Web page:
Droplet Deformation and Breakup

  • D. R. Guildenbecher
  • C. López-Rivera
  • P. E. Sojka


Following formation, droplets may enter a region where aerodynamic forces are large enough to cause significant deformation and breakup. When a droplet breaks apart into a multitude of small fragments due to disruptive aerodynamic forces, the process is termed secondary atomization. This has been a rich area of study for many years and a number of in-depth reviews are available [1–4]. Here, the most important findings are discussed. The chapter is divided into two sections: Newtonian and non-Newtonian liquids.

Droplets may be accelerated from rest gently or by a near step change in relative velocity. Experimentation has shown that the breakup is different in each case. The first case is found in nature and plays an important role in rain storms. However, the latter is more likely to occur in sprays. For this reason, this chapter considers only breakup due to step changes in relative velocity.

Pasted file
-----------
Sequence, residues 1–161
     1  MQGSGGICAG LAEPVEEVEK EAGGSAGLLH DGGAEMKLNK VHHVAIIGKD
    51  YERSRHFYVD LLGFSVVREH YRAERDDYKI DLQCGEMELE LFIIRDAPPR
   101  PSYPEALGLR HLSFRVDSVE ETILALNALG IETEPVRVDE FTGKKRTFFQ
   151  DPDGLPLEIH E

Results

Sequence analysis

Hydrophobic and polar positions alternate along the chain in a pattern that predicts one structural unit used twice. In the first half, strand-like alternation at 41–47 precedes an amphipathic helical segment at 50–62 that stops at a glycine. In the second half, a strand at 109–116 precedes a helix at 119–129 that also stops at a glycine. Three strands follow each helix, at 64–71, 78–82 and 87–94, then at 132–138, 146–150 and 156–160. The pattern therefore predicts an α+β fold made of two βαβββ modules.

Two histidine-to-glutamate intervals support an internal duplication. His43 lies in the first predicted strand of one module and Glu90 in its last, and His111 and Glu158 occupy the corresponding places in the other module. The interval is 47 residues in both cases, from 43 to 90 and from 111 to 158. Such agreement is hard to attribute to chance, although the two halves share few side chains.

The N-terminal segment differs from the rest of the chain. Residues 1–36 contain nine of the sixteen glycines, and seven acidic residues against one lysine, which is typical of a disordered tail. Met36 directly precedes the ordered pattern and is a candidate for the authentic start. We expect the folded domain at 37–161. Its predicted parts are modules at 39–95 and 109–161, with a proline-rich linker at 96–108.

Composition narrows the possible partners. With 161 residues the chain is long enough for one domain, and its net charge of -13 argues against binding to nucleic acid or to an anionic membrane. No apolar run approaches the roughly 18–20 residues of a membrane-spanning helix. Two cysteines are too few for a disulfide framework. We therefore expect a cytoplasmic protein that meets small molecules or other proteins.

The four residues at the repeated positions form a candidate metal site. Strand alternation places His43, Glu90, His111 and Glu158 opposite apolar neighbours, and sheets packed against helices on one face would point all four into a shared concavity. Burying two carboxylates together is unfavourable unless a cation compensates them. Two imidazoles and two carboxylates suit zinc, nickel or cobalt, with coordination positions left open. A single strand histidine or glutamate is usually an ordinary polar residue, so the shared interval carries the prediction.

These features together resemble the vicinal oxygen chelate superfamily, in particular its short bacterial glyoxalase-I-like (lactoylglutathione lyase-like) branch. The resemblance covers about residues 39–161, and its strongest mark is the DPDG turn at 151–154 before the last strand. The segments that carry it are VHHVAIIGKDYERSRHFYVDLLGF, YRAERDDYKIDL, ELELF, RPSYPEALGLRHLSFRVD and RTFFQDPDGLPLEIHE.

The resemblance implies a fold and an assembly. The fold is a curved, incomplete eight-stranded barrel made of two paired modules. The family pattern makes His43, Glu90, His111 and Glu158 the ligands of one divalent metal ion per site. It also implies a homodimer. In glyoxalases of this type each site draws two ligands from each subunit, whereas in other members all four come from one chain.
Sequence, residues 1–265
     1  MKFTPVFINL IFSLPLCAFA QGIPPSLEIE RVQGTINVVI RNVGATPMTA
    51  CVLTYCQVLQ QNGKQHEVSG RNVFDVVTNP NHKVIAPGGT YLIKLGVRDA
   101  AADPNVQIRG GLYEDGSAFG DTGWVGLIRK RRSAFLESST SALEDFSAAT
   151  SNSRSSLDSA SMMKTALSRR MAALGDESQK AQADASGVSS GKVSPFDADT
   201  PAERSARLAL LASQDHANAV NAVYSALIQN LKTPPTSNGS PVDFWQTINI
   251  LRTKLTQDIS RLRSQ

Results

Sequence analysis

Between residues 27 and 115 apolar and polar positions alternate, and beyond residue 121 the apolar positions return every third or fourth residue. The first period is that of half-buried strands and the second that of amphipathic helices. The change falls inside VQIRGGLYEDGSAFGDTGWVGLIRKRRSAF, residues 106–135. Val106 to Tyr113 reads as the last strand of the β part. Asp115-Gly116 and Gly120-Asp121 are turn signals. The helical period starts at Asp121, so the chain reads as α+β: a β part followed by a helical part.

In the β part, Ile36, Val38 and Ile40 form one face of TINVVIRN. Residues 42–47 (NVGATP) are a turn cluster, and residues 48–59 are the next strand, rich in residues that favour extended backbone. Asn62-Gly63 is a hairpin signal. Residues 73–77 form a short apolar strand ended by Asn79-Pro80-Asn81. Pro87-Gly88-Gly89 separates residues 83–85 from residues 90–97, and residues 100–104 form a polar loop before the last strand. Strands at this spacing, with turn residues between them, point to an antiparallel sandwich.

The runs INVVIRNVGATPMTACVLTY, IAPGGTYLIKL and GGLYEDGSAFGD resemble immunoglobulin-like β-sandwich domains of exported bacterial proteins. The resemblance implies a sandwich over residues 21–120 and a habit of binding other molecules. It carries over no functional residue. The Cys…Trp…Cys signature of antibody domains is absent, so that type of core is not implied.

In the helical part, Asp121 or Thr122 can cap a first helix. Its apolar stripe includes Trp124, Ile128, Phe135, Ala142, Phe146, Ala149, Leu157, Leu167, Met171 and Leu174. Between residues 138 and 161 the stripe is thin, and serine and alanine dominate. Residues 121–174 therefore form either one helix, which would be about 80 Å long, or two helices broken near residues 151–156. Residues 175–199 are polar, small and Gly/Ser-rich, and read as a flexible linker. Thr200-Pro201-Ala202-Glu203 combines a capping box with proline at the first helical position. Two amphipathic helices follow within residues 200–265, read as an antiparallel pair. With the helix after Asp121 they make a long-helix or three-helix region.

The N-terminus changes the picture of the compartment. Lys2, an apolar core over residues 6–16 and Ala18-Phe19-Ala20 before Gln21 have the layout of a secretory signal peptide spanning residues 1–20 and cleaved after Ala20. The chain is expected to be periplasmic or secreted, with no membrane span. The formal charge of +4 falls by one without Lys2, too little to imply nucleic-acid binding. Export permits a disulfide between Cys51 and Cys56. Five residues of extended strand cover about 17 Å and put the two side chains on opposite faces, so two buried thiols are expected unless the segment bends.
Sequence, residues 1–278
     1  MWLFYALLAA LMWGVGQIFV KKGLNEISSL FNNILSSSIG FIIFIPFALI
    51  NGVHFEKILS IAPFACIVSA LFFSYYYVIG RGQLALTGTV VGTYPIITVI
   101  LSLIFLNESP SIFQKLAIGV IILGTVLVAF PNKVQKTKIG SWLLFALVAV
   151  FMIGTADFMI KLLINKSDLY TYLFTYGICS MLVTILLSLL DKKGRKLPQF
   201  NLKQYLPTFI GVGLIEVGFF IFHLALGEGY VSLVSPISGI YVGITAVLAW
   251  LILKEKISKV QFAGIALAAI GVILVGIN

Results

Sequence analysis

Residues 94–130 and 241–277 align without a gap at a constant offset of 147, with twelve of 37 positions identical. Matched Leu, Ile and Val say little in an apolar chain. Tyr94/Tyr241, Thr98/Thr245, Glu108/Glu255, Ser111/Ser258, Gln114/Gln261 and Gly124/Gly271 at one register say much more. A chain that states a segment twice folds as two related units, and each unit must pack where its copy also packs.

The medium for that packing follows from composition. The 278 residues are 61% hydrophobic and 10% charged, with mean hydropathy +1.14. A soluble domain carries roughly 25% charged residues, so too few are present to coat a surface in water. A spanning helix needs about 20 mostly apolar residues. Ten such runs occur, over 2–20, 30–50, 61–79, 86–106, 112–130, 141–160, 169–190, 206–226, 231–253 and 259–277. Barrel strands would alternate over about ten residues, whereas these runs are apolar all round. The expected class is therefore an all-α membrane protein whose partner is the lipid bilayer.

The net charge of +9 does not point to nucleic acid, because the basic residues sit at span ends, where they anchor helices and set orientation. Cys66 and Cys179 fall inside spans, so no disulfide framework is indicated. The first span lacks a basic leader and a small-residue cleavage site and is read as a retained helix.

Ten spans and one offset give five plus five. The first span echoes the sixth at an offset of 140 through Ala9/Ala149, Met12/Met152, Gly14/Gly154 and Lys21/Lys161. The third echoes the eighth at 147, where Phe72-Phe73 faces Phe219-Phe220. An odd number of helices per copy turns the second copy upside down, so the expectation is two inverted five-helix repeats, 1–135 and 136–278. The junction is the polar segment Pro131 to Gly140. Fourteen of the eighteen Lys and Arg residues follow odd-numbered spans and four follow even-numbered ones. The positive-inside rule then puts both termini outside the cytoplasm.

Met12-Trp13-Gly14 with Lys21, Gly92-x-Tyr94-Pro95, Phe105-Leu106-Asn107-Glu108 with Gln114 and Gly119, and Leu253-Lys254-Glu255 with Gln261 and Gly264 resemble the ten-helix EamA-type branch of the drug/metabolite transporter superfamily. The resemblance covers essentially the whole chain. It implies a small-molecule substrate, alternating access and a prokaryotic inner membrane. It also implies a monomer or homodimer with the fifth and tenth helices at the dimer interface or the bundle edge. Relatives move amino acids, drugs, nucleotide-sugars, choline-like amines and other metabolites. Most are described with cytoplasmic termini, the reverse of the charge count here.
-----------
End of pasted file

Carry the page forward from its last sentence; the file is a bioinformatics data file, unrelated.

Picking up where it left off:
Bag breakup Breakup mode Breakup time Catastrophic breakup Fragments Fragment size distribution Initiation time Multimode breakup Newtonian drops Non-Newtonian drops Ohnesorge number (OhSecondary atomization Secondary breakup Sheet-thinning breakup Total breakup time Vibrational breakup Weber number (We


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Copyright information

© Springer US 2011

Authors and Affiliations

  • D. R. Guildenbecher
    • 1
  • C. López-Rivera
  • P. E. Sojka
  1. 1.Maurice J. Zucrow Laboratories, School of Mechanical EngineeringPurdue UniversityWest LafayetteUSA

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